• doing whatever we can to ensure that AI search answers are accurate, and not bad hallucinations, particularly on politically sensitive topics. Of course, we are not responsible for Google's work, but if there's anything we can do to our content to ensure it is being understood and used properly by the main search engines as they compose AI answers, we should do so - this is basically an updated form of SEO
  • figuring out if/how to create online content that complements AI answers
  • ensure our websites provide "better than AI" answers
  • providing interactivity and a human face to our knowledge
  • designing new impact metrics: we will see less traffic, and we won't know whether or how our knowledge is informing the public, so it will be harder to assess the impact of our work.


Resources tagged "AI Search"follow:

Relevant resources

Google’s AI search setback
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"users encountering the company’s AI-generated summaries atop search results found over and over again that Google was hallucinating or worse... suggested putting nontoxic glue in your pizza... putting gasoline in your spaghetti... reported that just 17 American presidents were white ... that people eat one to three rocks per day", co…

AI hype is over. AI exhaustion is setting in.
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A very sceptical take on "Google’s snorefest of an I/O presentation" and the current point in "the latest hype cycle... how exhausting the whole thing has become a year and a half after the release of ChatGPT".The days of being on the inevitable path to AGI because Silicon Valley had "thrown so much capital and compute&quo;…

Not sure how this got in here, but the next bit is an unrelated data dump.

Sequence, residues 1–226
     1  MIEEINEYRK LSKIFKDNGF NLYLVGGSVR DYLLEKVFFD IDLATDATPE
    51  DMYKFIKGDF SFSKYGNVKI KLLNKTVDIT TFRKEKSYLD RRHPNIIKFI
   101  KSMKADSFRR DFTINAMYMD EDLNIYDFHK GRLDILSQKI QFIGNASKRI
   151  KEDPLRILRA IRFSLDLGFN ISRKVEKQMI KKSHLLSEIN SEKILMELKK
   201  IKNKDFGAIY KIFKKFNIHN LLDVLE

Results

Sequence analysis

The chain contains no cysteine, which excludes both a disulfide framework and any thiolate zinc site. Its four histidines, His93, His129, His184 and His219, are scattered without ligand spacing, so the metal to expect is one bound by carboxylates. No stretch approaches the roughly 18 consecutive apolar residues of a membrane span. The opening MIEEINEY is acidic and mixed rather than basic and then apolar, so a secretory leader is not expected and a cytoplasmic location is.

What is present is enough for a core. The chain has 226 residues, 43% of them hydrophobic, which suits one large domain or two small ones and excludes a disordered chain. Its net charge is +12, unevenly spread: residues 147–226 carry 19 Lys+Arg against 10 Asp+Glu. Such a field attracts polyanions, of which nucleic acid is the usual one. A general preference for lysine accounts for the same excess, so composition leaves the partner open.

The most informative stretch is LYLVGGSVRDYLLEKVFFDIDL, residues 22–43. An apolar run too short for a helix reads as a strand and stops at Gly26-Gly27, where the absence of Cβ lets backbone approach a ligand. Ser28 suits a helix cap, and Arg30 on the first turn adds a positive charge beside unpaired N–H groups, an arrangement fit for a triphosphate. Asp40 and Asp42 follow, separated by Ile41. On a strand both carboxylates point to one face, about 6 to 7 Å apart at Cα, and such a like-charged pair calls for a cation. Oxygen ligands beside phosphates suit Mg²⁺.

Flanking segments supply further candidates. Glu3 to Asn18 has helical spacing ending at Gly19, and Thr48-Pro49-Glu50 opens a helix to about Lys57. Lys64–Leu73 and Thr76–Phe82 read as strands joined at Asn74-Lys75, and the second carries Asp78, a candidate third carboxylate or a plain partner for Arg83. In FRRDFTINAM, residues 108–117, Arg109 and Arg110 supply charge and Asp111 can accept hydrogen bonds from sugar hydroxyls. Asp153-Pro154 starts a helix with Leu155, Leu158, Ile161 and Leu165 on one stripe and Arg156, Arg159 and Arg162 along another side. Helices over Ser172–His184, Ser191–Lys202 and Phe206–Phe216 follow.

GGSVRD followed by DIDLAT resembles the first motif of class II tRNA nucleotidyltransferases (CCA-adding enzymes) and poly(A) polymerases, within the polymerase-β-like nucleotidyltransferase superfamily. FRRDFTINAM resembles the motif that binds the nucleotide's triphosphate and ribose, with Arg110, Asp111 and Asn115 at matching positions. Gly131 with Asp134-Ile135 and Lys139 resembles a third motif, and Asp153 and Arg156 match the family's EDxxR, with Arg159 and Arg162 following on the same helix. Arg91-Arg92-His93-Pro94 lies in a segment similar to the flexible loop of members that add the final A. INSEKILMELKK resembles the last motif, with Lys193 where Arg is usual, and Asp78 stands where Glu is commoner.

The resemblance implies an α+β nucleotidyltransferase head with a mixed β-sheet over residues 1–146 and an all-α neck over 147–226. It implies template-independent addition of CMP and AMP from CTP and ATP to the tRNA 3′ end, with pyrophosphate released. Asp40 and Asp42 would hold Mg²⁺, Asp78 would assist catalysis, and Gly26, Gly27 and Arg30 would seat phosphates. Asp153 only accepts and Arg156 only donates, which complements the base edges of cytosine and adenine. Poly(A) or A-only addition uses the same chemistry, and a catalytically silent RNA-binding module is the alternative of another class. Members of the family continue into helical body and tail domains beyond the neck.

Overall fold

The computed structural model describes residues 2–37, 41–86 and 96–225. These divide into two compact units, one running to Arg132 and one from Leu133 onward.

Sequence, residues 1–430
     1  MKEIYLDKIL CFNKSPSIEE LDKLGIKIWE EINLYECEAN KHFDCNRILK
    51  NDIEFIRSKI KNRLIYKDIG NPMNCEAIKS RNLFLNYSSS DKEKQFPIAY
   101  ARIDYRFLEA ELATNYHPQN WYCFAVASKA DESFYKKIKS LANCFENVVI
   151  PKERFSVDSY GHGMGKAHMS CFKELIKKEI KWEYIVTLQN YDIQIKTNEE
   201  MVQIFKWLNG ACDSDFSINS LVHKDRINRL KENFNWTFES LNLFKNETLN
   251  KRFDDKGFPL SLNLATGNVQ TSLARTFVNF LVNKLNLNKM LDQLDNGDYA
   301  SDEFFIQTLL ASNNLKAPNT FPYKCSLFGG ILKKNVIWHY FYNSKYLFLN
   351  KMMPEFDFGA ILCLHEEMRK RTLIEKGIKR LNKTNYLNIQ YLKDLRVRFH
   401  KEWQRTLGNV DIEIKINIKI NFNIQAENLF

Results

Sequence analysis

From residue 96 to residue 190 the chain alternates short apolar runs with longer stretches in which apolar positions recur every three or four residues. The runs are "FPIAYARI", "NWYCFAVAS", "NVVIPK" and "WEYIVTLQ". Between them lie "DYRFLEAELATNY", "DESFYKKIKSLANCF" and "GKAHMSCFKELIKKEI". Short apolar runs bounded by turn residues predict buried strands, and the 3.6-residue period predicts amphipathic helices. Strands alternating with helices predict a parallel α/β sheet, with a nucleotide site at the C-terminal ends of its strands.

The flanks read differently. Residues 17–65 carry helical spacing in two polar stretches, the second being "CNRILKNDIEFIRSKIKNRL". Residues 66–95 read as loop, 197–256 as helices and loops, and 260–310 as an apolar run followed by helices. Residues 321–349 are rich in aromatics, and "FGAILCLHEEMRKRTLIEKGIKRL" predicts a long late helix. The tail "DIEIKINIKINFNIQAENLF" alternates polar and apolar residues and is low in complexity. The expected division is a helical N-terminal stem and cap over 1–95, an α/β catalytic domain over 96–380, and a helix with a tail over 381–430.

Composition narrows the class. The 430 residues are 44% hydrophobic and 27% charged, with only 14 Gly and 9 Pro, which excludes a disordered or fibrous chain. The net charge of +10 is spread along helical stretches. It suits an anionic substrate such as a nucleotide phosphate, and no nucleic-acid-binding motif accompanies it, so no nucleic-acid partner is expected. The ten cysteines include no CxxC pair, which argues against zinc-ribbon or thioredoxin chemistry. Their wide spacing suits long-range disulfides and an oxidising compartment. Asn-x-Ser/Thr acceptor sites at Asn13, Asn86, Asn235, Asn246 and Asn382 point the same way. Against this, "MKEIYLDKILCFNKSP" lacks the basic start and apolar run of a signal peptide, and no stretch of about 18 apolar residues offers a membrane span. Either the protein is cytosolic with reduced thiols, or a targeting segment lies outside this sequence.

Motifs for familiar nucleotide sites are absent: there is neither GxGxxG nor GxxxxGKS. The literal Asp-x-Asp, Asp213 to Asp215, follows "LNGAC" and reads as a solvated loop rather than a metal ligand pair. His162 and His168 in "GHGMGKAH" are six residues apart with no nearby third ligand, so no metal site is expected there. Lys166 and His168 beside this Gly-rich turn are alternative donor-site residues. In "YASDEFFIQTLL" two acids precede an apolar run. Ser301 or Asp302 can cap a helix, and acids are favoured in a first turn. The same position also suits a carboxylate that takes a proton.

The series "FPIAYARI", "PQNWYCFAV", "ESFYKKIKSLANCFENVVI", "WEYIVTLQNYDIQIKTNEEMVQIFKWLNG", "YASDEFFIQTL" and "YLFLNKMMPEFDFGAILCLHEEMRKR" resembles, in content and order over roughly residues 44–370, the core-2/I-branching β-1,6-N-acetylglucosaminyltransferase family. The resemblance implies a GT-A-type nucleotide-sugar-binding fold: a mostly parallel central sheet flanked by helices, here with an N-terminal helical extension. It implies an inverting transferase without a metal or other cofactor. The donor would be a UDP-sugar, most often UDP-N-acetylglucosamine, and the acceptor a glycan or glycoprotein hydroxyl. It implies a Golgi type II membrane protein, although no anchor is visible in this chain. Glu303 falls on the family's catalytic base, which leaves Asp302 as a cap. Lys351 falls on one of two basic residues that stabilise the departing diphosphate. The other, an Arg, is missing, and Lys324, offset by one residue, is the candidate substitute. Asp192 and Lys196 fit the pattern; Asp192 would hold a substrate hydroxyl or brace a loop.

Google Search's AI is (or should be) about cognitive load
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"Web search ... more like a rummage sale. Your chance of finding an item that addresses your specific issue... is pretty low. You’re not walking into a custom tailor. You’re in the thrift shop... seeing if you can put something together. Some sewing may be required."This, of course, "is mentally taxing", so either they skim, ad…

Pluralistic: Even if you think AI search could be good, it won’t be good (15 May 2024) – Pluralistic: Daily links from Cory Doctorow
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Doctorow, pointing out that Google's move to AI search "is a tacit admission that Google is no longer a convenient or reliable way to retrieve information, drowning as it is in AI-generated spam, poorly labeled ads, and SEO garbage". Instead, "you'll ask Google a question and an AI will compose an answer based on things it…

Google’s broken link to the web
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"When Sundar Pichai took the stage at Google I/O ... said that the rise of generative artificial intelligence would provide new opportunities... for everyone". While many products unveiled will be doubtless useful, the picture's unclear for search itself: by end 2024 "Search Generative Experience... will appear at the top of re…